It's been said all along that without everyone on board, a new city-county building in Decatur likely wouldn't happen.
At Thursday's meeting attended by a number of city and county officials, two of the three Adams County commissioners expressed opposition, but one offered a possible alternative.
Commissioner Doug Bauman said the antiquated superior court building "needs work beyond what we can afford to fix."
However, noting that it could cost an estimated $60,000 just to get a proposal for a new building on the November ballot, with no guarantees the request for a tax increase would pass, Bauman said, "We (county) don't have $50,000 to $60,000 to expend right now." Saying he appreciates all the effort and time spent to get to the latest meeting, Bauman added: "At this point I'm not in favor of proceeding."
Commissioner Kim Fruechte said that asking for a tax increase (through a referendum) now "is like playing Russian Rhoulette."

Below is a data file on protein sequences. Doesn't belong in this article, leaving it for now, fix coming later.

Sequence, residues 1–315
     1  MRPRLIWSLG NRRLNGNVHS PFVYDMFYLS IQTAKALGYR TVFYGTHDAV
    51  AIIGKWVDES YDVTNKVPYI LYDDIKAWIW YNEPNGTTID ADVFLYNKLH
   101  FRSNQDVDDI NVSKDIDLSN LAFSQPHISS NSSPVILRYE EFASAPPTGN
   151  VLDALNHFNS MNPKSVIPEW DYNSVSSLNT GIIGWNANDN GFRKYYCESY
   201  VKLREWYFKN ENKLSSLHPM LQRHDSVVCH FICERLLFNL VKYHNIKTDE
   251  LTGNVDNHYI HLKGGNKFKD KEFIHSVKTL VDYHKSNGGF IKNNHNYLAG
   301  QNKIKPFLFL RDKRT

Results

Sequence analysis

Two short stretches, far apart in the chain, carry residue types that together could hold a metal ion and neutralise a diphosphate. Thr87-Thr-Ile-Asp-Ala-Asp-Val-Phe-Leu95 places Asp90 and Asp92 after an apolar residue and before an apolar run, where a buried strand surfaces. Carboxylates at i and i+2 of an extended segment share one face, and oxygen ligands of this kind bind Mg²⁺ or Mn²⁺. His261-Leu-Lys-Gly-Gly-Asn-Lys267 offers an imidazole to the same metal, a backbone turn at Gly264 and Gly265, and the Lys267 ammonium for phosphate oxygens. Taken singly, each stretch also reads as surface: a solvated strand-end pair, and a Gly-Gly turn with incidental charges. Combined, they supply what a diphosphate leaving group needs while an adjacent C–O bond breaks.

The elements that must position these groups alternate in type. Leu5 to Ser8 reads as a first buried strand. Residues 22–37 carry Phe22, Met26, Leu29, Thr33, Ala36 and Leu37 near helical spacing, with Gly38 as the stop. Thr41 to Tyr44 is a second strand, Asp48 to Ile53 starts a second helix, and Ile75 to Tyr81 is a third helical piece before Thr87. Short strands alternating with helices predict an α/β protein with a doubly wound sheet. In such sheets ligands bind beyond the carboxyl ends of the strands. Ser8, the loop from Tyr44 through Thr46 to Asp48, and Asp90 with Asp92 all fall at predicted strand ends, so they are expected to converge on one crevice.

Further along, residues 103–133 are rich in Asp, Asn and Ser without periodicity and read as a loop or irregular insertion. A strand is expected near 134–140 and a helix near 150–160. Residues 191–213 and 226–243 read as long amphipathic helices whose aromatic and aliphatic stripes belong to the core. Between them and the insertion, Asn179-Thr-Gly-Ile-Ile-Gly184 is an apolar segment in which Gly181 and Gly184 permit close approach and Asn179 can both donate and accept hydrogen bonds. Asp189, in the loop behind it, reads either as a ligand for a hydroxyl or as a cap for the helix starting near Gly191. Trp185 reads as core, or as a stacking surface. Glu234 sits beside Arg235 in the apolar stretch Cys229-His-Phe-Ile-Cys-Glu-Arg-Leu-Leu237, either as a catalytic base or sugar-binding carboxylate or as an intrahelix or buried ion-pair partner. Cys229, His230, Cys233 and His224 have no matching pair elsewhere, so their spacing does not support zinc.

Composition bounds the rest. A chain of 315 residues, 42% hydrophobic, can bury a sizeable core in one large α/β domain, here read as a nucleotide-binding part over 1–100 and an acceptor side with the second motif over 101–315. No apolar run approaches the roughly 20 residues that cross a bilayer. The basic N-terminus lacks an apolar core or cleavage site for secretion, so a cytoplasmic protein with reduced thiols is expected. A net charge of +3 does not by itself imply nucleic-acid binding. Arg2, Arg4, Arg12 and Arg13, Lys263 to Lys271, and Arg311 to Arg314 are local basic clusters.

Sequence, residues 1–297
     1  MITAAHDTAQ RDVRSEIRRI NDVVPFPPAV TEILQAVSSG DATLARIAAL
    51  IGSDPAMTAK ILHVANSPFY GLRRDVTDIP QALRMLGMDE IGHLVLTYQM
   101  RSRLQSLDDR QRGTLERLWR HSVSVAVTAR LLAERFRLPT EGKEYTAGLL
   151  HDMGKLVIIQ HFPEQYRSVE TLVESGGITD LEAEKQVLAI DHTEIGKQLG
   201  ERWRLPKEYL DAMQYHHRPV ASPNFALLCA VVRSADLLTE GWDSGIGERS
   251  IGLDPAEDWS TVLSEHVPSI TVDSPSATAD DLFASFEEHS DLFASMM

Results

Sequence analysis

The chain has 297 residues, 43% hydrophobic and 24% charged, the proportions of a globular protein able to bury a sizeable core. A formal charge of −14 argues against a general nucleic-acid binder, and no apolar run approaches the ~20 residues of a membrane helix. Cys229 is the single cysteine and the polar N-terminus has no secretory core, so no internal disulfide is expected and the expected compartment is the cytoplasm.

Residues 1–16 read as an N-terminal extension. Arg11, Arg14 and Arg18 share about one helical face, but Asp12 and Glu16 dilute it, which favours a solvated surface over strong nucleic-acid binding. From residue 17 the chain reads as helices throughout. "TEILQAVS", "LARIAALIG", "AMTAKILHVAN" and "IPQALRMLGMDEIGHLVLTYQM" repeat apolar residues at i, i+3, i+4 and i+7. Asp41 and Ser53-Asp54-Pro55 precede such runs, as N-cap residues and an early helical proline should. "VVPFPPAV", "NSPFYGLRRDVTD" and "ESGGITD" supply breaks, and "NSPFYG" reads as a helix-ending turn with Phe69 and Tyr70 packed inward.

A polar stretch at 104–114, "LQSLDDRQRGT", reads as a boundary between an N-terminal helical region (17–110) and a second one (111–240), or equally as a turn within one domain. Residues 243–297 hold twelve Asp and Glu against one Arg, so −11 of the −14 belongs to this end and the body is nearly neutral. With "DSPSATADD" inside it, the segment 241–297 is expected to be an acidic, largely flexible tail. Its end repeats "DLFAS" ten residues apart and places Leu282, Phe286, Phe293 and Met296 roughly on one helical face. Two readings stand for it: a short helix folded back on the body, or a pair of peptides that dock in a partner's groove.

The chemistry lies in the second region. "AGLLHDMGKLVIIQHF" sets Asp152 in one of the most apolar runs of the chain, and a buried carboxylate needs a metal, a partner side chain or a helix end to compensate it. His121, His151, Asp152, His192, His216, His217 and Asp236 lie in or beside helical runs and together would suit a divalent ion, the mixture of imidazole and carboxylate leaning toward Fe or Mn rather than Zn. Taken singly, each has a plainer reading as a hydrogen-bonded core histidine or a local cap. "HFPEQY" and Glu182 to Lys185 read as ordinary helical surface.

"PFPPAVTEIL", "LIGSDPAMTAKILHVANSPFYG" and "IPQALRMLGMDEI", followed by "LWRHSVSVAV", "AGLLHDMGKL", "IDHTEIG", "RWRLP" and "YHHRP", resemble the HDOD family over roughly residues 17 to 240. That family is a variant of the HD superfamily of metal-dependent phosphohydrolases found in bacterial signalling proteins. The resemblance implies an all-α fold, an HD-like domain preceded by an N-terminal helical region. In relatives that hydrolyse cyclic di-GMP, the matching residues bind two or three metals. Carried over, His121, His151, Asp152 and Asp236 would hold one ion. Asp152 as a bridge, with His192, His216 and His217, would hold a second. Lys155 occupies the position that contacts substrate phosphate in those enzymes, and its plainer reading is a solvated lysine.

He went on to explain that a local attorney, on Thursday morning, suggested to him that the former Music House in downtown Decatur is a possible alternative. Fruechte said it has three floors and an elevator, and some 23,000 square feet, not a lot less than the proposed new building.
The purchase price was said to be approximately $90,000..
It is possible that the county could renovate the structure and convert it into a court building. "I certainly don't went to lose our good relationship with the city, but I'm just offering an option," Fruechte said.
Later, Schenkel and Schultz Vice President Dave Sholl said, purely basing the estimate on the building's square footage, a cost to renovate the building would be at least $2.5 million. Sholl and another member of the architectural firm, Decatur native Cory Miller, attended the meeting. They have been working for some time with local officials on putting together a proposal for a city-county building.
Another possibility, according to Decatur City Attorney Tim Baker, at the behest of Mayor John Schultz, would be for the county to construct a building and lease a part of it to the county.
He emphasized that nothing along those lines had been discussed with city council, adding: "We're just throwing it out there for you to consider."
"No matter what happens, we will continue our good relationship," Mayor Schultz said.
Baker pointed out that with interest rates "at historic lows" and construction highly competitive, the city will eventually proceed with its own agenda if nothing works out with the county.